Financial Compensation for Cancer Patients - Another Viewpoint

I wrote an essay last year about financial compensation for cancer patients when working with pharmaceutical companies and various cancer organizations. Cancer patients have vast, valuable experience, which the pharmaceutical companies and cancer organizations need. Traditionally, the patients were supposed to volunteer without pay, but now cancer patients are playing an incredible role in the collaboration and have lived longer. It doesn't sit well that the cancer patients are passively providing the service anymore. Thus, pharmaceutical companies and some cancer organizations started to pay the patients and caregivers for their services. The patients and caregivers are indeed treated like partners.

The collaboration is two-sided. Now that the pharmaceutical manufacturers and some cancer organizations have started to work as partners, it's the turn of the patients to do our part. However, it's not easy to pass our valuable experiences effectively. Thus, I believe the patients have to be trained to meet the market needs.

Cancer patients have to be trained

Cancer patients are from various backgrounds, and every cancer patient is different. Therefore, it's imperative to increase the patient advocates' ability to communicate their ideas or stories through a written and oral presentation or to analyze and evaluate information from the patient's perspective, such as involved in writing the medical guidebook in plain language for patients and caregivers, the study design of clinical trials or evaluating grant applications. For some advocates, it is natural to think critically or have learned the skill due to their profession. However, advocates still require specialized training to develop these skills.

Grateful for my various training opportunities

As I started advocacy, I always looked for training opportunities. Examples include talking effectively to newly diagnosed lung cancer patients, writing patient stories effectively, being a patient research advocate, doing political advocacy, etc. Specifically, I took part in a pilot program to train consumer grant reviewers for ASCO Conquer Cancer Foundation (ASCO/CCF) in 2021. This training program introduced the advocates from the basic knowledge of cancer to current advanced treatments, from cancer research, like the research procedures, clinical trials, statistical analysis, and grant writing skills, to drug manufacturing. In addition, well-known biomedical scientists/doctors or statisticians gave lectures. The whole training lasted about six months, and I learned a lot.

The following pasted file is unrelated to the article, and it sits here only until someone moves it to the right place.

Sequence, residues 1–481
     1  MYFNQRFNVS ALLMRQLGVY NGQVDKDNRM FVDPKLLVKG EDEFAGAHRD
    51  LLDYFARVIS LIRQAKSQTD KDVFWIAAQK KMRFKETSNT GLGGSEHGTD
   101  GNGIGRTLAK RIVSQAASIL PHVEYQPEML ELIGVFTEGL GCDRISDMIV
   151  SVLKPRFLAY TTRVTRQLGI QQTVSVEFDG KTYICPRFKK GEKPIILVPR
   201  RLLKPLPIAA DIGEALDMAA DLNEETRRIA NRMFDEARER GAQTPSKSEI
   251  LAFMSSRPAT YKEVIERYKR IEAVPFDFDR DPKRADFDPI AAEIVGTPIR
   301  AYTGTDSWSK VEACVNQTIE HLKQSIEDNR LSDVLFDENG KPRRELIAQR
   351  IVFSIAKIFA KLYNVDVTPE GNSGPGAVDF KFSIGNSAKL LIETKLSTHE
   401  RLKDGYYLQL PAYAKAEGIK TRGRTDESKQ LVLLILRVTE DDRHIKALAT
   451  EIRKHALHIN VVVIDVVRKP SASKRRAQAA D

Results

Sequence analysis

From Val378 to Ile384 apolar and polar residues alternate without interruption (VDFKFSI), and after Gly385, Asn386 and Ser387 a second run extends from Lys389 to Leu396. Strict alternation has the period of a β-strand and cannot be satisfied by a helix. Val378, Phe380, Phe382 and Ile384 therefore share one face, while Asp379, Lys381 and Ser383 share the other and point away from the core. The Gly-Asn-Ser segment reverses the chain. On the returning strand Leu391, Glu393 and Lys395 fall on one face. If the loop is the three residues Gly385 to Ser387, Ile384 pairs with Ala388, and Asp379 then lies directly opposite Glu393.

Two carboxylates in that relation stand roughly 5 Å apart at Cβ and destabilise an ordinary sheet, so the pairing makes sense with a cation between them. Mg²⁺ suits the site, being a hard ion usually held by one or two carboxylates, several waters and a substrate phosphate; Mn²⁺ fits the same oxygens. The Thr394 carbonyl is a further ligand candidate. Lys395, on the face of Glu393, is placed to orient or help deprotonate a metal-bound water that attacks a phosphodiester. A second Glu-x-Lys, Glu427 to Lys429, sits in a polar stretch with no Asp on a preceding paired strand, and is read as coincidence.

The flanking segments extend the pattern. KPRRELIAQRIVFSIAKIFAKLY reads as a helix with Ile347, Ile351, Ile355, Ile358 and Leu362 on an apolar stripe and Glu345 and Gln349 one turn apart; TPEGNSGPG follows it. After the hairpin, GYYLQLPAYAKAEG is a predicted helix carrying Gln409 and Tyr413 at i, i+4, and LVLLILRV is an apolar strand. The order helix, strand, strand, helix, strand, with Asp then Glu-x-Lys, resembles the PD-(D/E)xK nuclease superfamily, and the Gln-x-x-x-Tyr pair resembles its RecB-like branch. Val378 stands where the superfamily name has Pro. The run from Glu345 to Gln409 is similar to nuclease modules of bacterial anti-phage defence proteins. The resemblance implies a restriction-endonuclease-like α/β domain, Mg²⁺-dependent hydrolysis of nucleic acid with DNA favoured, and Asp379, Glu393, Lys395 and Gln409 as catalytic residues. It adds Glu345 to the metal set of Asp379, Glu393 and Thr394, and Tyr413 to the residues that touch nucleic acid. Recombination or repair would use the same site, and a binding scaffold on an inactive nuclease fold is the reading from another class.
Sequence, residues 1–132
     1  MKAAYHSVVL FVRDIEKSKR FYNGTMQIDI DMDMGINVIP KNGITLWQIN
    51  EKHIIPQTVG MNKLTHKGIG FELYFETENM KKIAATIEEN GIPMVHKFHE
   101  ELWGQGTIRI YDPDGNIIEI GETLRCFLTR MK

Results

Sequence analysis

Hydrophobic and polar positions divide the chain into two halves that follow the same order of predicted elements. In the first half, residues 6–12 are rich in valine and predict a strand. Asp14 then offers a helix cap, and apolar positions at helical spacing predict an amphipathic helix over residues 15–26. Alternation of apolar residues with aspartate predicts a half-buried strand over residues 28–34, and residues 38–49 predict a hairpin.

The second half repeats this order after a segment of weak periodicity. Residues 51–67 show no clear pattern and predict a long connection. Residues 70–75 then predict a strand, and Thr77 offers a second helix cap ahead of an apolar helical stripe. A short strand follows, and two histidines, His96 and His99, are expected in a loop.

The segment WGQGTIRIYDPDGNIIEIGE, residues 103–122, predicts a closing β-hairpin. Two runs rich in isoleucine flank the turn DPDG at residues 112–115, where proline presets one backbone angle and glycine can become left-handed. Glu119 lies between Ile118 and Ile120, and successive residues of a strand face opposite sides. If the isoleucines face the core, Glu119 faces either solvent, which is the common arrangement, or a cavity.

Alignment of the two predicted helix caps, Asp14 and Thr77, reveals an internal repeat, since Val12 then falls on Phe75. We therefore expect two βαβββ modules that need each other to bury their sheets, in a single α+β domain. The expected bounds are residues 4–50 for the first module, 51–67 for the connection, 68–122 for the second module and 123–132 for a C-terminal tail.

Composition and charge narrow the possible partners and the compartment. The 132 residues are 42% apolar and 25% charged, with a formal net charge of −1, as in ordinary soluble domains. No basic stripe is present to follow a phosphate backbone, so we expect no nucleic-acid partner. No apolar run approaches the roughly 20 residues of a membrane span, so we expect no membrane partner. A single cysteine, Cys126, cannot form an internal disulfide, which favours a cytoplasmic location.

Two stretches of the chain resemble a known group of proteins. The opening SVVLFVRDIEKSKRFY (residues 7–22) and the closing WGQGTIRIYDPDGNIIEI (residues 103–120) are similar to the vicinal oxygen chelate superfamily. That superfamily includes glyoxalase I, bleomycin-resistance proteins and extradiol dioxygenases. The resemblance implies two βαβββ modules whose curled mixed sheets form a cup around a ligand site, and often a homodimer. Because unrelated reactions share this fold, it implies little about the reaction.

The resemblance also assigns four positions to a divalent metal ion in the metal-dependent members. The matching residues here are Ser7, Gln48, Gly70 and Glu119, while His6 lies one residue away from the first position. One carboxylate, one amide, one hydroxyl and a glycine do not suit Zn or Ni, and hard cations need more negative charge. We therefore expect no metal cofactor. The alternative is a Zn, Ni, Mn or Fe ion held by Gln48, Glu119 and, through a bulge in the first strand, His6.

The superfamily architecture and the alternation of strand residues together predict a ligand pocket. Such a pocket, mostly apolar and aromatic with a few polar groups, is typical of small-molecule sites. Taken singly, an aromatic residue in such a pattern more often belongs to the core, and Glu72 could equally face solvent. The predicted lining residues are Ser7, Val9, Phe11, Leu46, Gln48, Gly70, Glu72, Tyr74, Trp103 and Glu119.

I was actively involved in the national grant reviews when I was a professor at a Canadian university in engineering. So the grant reviewing processes are similar, but through closed comparing two grant review systems of Canada and the USA, I'm impressed by the training program for reviewing process by ASCO/CCF.

Besides the broad knowledge of the training program, I was especially impressed by how the ASCO/CCF chose the advocates for review. Twenty-five cancer patients and caregivers were selected to participate in the training program. We had a video to watch, a one-hour lecture, and a set of tests in each session. It seemed no pressure on us, although I could tell that ASCO/CCF staff were watching our progress closely. At the later stage of training, about 8 to 10 advocates continued to go further to the grant mould-review training. Finally, about 5 or 6 advocates left and were selected for this year's formal grant reviews.

One thing that still puzzled me is whether ASCO/CCF have some procedure to pre-select the advocates? How were the final advocates selected? Did they prepare the training materials carefully so that the advocates were not "scared away"? In the end, I was very impressed with the final results.

At the end of the training program, I clearly felt the pressure that the ASCO/CCF expected an excellent job from us. But, at the same time, they did their part, i.e., they provided everything the advocates needed, including comprehensive training.

I've participated in three grant review programs for different Canadian cancer organizations. I have to say that the ASCO/CCF provides much more comprehensive training.

Connecting advocates with opportunities

Patient advocates go through the proper training and are ready to advocate. However, it's not easy for most patient advocates to find ways to use our lived experience in pharmaceutical companies or cancer organizations. We need to have companies that connect qualified patient and caregiver advocates to pharmaceutical companies and cancer organizations.

Savvy Cooperative is such a company that connects the patients and caregivers.1 It’s established by patients. Its mission is to empower patients to use their experiences to create positive change. The patients directly share experiences with pharmaceutical companies or cancer organizations. The company also advocates that the patients be fairly compensated for their contributions. From my experience, the Cooperative requested information, verified them, and passed them to the pharmaceutical companies or cancer organizations. They are quite friendly.

Effective collaboration between the advocates and pharmaceutical companies or cancer organizations is critical. Proper training is crucial for the patient and caregiver advocates. Both sides need to learn to listen to each other. Savvy Cooperative, a company that connects the patient and caregiver advocates, is also an essential part.1

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This article represents the opinions, thoughts, and experiences of the author; none of this content has been paid for by any advertiser. The LungCancer.net team does not recommend or endorse any products or treatments discussed herein. Learn more about how we maintain editorial integrity here.

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